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Gender equality is on the agenda

Gender equality is on the agenda
Josh Burns

I’m incredibly proud to be part of a Labor government with a strong commitment to gender equality.

We are focused on driving action in five areas; ending gender-based violence, unpaid and paid care, economic equality and security, health, and leadership, representation and decision-making.

On a weekly basis, I have the pleasure of speaking with women in our community who are making a difference in their workplaces and for our community. 

These conversations are both inspiring and eye-opening, shedding light on the challenges and triumphs that women face in their daily lives. While it’s heartening to see the progress we’ve made towards gender equality, it’s also a stark reminder that there’s still more work to be done.

The economic lives of men and women are often very different.

Women, on average, continue to earn less than their male counterparts for the same work. This wage disparity not only undermines the financial stability of women but also damages the overall economic health of our nation.

When women are paid less, they have less to invest in their families, less to save for the future, and less to contribute to the broader economy.

The economic challenges faced by women are not limited to the workplace.

Women are more likely to bear the burden of unpaid care work, often juggling their professional responsibilities with caregiving duties at home. This imbalance not only worsens gender inequality but also limits women’s opportunities for career advancement and economic security.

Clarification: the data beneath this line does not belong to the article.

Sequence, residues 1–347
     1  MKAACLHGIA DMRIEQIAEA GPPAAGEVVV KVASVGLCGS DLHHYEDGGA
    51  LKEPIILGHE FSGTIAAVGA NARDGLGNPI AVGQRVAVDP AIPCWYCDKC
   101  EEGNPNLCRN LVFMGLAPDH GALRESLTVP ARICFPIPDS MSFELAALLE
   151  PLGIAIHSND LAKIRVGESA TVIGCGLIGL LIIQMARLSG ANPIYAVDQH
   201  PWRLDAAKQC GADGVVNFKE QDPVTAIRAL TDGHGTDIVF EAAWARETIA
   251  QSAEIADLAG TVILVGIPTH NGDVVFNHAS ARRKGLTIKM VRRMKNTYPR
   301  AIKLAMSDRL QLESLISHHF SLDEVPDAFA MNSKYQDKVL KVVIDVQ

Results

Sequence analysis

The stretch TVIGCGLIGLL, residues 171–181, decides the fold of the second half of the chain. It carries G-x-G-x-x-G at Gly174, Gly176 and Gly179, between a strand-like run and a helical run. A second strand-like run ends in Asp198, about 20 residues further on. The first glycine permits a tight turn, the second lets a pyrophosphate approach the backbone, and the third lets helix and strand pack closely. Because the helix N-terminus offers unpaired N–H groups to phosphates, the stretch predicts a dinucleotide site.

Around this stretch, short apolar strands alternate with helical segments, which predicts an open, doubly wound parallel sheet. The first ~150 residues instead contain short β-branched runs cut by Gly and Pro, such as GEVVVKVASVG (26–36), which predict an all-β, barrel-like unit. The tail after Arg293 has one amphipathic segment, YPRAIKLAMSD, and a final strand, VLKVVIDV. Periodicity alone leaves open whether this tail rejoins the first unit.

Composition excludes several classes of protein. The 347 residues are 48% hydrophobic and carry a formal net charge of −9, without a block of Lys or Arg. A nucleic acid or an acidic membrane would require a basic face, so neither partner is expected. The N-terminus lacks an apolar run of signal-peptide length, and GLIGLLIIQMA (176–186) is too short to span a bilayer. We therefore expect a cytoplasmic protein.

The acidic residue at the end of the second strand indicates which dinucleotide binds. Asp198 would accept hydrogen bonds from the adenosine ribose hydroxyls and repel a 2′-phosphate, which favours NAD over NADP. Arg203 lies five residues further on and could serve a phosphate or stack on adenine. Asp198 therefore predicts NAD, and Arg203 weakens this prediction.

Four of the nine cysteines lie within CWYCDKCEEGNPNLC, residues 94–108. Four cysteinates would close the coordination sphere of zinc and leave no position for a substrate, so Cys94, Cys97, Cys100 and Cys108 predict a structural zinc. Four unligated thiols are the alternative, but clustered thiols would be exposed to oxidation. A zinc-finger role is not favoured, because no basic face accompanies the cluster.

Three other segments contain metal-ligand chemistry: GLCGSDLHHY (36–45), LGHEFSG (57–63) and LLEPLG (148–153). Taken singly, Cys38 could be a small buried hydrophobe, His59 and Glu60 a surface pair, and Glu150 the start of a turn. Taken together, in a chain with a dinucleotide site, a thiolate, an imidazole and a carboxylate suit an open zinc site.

Taking time out of paid work to care for children is a normal part of working life for both parents for many in our community. But the data is clear, women are taking more time out of the workforce to raise their children, and are retiring, on average, with 25 per cent less super than men.

The Albanese government has already expanded paid parental leave to six months for both parents, and now we are going to pay superannuation on paid parental leave.

Women should not be struggling to balance their caregiving responsibilities with their financial security, and they shouldn’t have to sacrifice their own career aspirations.

These important reforms will make sure that women retire with the dignity and stability they deserve.

Not only are we are doing what matters to help close the super gap, but we have brought in crucial policy to end the gender pay gap, which is now the lowest it has ever been.

The Minister for Women Katy Gallagher recently announced that businesses with 500 employees or more will be required to meet new gender equality targets if they want to secure government contracts. These targets will focus on the gender makeup of boards, equal pay, flexible working arrangements and efforts to address sexual and gender-based violence.

There is more to do, but for the first time in 10 years; gender equality is on the agenda, and progress is being achieved. •

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